Chopin Etude Op 10 No. 3- Valentina Lisitsa


That feeling of ease, comfort, and resolution is the same with the Brasato al Barolo. There’s countless recipes of beef and red wine based on culture (and I’ve gone through multiple variations over the years) but this is one of the best. (I'm sorry... the Italians do it better.) The sauce execution is actually pretty simple but the consistency achieved is restaurant quality. (Fine dining at a restaurant with a toddler is a horror comedy). The polenta is ridiculously simple, (done in a slow cooker) because after all that braising, who wants to stir polenta? Enjoy!


Based on piano music and changing paramenters, here’s some Stevie, Bon Iver, and Nils Frahm for your listening enjoyment. Whether you place more value on technical execution, raw emotion, or both, hopefully, it’ll inspire something beautiful and help forget fear. Cheers!


This is like your ears on the Brasato al Barolo. Food-eargasm!

Stevie Wonder- “Overjoyed” - Live @The 02 London


Based on the parameters of the piano, purely as atmosphere and background.

Bon Iver - Wash. (AIR Studios Jagjaguwar Session)

A study on pure emotion and intuition on piano, synths and chamber orchestra. It’s kind of freaking me out seeing all the gear on top of a Steinway. (I still freak out seeing stickers on a laptop). Thanks for reading!

Nils Frahm | A Winged Victory for the Sullen | BBC Proms 2015 | Full performance

Brasato al Barolo with Polenta & Horseradish Gremolata

(from “The Mozza Cookbook”, by Nancy Silverton, with Matt Molina & Carolynn Carreno)

6 beef short ribs (about 1 pound each)

2 Tbs kosher salt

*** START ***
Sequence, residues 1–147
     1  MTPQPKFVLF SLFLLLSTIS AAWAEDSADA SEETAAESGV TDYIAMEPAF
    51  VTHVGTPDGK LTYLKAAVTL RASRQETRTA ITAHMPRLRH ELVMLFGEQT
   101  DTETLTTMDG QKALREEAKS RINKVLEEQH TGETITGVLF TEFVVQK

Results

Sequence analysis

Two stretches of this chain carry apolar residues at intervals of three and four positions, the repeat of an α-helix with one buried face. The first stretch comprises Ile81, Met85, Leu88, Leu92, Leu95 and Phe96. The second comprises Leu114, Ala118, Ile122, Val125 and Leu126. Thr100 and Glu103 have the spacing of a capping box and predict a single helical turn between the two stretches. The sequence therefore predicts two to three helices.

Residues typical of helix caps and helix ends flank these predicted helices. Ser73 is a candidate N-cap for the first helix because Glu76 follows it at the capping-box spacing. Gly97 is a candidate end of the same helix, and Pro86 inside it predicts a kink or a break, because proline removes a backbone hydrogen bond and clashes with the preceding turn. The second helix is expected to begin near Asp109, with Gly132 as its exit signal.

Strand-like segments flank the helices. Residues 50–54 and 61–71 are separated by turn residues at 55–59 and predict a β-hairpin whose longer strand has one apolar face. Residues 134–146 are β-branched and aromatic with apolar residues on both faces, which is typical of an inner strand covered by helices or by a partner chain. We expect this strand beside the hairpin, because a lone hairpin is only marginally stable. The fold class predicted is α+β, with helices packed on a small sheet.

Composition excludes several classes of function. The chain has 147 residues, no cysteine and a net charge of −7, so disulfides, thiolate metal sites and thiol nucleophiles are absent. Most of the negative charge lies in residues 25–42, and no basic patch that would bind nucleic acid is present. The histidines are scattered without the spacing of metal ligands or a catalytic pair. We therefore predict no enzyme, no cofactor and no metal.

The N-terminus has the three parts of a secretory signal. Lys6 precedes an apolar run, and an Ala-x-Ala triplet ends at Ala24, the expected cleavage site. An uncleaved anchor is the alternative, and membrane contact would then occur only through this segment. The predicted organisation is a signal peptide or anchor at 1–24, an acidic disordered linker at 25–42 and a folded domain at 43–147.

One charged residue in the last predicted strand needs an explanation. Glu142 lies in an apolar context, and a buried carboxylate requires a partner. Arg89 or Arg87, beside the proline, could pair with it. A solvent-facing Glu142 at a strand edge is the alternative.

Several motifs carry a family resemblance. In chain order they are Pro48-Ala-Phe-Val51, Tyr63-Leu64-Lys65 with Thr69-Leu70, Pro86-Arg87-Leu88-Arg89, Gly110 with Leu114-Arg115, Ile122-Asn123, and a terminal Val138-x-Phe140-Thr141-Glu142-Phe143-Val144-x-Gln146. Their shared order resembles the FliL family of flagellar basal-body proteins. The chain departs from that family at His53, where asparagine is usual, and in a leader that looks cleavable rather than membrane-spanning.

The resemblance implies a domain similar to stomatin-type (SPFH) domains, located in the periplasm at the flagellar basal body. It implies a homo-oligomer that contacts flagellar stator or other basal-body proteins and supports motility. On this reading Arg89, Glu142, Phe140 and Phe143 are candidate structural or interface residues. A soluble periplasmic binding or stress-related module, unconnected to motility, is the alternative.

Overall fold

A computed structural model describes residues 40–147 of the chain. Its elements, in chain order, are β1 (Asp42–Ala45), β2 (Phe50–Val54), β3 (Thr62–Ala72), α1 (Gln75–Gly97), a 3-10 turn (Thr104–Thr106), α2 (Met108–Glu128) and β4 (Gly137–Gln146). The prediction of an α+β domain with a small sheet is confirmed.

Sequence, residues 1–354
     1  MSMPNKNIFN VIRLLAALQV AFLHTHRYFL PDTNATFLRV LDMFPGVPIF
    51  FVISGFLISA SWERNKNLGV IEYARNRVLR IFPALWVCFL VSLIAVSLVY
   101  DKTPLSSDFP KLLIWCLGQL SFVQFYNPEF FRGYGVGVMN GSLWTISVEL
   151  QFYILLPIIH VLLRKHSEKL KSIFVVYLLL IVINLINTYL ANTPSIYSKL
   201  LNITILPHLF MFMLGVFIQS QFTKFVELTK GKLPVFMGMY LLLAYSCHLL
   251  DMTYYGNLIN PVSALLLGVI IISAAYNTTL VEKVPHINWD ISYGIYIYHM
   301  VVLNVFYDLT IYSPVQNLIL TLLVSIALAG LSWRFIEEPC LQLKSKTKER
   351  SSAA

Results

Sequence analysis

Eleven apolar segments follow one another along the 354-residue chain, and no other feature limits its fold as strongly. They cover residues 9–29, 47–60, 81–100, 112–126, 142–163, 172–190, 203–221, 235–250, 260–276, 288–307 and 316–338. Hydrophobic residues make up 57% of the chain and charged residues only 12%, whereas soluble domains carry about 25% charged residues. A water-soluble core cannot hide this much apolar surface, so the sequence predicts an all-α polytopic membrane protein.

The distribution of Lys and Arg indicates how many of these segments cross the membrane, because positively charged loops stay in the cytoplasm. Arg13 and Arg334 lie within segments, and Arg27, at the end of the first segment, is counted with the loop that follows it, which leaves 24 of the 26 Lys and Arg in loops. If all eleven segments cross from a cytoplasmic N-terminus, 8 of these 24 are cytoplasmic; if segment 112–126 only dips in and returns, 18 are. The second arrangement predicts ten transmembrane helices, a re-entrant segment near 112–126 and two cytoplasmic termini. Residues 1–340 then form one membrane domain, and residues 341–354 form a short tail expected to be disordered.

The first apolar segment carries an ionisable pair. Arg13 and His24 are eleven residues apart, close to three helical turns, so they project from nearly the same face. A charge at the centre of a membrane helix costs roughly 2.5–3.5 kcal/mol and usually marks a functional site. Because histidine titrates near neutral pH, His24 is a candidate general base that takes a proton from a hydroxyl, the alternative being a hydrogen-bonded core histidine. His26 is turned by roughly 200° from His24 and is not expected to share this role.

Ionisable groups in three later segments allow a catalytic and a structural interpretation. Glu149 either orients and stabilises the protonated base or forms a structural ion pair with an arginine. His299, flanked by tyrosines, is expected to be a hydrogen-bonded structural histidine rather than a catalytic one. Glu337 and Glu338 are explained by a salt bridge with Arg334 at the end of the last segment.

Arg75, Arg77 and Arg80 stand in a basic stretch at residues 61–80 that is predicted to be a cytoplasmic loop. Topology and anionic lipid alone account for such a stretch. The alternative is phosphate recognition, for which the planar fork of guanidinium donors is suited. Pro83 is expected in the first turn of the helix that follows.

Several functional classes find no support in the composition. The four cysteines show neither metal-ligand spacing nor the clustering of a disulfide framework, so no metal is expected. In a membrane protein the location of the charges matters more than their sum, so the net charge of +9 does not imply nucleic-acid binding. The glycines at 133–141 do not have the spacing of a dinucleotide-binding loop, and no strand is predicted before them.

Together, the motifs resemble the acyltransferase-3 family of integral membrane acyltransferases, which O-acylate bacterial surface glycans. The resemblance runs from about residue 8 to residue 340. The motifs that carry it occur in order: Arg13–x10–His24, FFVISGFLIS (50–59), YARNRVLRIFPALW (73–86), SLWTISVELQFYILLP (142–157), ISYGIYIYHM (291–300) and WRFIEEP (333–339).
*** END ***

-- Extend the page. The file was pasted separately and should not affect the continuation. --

2 tsp freshly ground black pepper

1/4 cup (4 Tbs) extra- virgin olive oil, plus more as needed

1 medium onion, cut up into large pieces

1 carrot, peeled and cut into large pieces (about 2 inches)

1 celery rib, cut into roughly 2 inch pieces

3 garlic cloves, thinly sliced

1 Tbs double concentrated tomato paste

1 750 ml bottle dry red wine (preferably Barolo)

1 14 oz can peeled plum tomatoes (preferably San Marzano), inducing their juice

4 cups Chicken Stock

10 fresh thyme sprigs

10 fresh oregano sprigs

1 long rosemary sprig

1/2 oz dried porcini mushrooms


For the Gremolata

3/4 cup whole fresh Italian parsley leaves

3/4 cup whole fresh celery leaves (only pale green leaves from the hearts); (I didn’t have celery leaves so I just substituted more Italian parsley)

zested strips of 3 lemons (I didn’t have 3 so I used an orange for one of the lemons)

1 Tbs finishing- quality extra- virgin olive oil

Maldon sea sat or another flaky sea salt, such as fleur de sea

Fresh peeled horseradish


Polenta (I’ll give you a slow cooker version so it’s super easy)

Place the short ribs in a non- reactive baking dish or a large bowl and season them with salt and pepper on all sides, using approximately 1 tsp of salt per pound of meat. Cover the dish or bowl with plastic wrap and refrigerate for at least 1 hour and up to overnight.


Heat 2 tablespoons of the olive oil in a Dutch oven or large high-sided saute pan over medium- high heat until the oil is smoking and slides easily in the pan, 2 to 3 minutes. Place the short ribs in the pan to sear on all three sides (it’s not necessary to sear the bone side), until the meat is deep brown, about 5 minutes per side. If you can’t squeeze all of the short ribs in the skillet at one time, sear them in two batches, adding more oil to the pan to sear the second batch if it’s dry. Remove the short ribs to a plate.